Dubai's residential sales market not bottoming out yet: JLL

Market will continue to see pressure due to oversupply this year

Panoramic view of city skyline and cityscape in Dubai UAE. Image used for illustrative purpose.

Panoramic view of city skyline and cityscape in Dubai UAE. Image used for illustrative purpose.

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Dubai’s residential property sales prices have not reached the bottom yet, with declines likely to continue beyond 2021, according to real estate services firm JLL.

The property market was subdued for the most part of last year due to the coronavirus pandemic. During the fourth quarter of 2020, rental prices posted a 12 percent decline compared to a year earlier, while sales prices dropped by eight percent.

JLL said there was resilience and movement in the emirate’s residential sector towards the end of 2020 following the disruption from COVID-19, but price declines are still expected to continue. 

No drops further than 20%

Dana Salbak, JLL’s head of research for the Middle East and North Africa (MENA) region, noted that prices in the rental sector are already four percent below the lowest point in the years 2010 and 2011, following the global financial crisis. However, sales prices are still 20 percent above those levels.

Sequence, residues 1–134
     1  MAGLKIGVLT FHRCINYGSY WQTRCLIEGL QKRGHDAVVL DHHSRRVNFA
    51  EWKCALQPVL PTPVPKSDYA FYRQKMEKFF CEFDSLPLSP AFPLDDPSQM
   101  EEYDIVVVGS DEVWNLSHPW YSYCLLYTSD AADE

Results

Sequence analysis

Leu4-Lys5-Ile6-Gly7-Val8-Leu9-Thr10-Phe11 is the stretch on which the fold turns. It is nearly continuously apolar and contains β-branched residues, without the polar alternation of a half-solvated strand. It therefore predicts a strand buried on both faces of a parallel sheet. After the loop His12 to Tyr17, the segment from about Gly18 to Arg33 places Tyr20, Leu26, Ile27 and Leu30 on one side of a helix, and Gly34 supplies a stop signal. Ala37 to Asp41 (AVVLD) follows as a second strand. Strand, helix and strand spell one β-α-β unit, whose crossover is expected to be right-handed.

“That is not to say that the markets will drop a further 20 percent in 2021. The market has been resilient for sales prices, and transactions have picked up in the latter part of the year,” she said.

“We are seeing more end-user activity, more focus on the secondary market, and we are seeing healthy demand for villas and townhouses, a natural outcome of people wanting to be in bigger spaces as a result of COVID-19, whether it is for home schooling or working from home.”

There will be further price declines in 2021, she said, but she added that these are most likely to be in single figures. 


The issue of oversupply was also addressed at the webinar, which was on the “MENA Property Market Review and Predictions for 2021”.

Salbak said there are currently 600,000 residential units in the Dubai market, and the figure is around half of that in Abu Dhabi, with an oversupply of residential units, both villas and apartments, in Dubai.

“That is going to put further downward pressure on the markets going forward,” she said. “Yes, there is a lot [of] supply under construction so that it is likely to be phased out. We are seeing materialisation of 40 percent, where projects are being put on hold, or delayed, or even projects that are finished are not being handed over for the sake of stabilisation in the market.”

Close to 40,000 residential units were handed over in Dubai in the second half of the year, compared to 4,000 in Abu Dhabi, a sign of greater control over the supply of properties in the capital, Salbak said. 

(Reporting by Imogen Lillywhite; editing by Cleofe Maceda)

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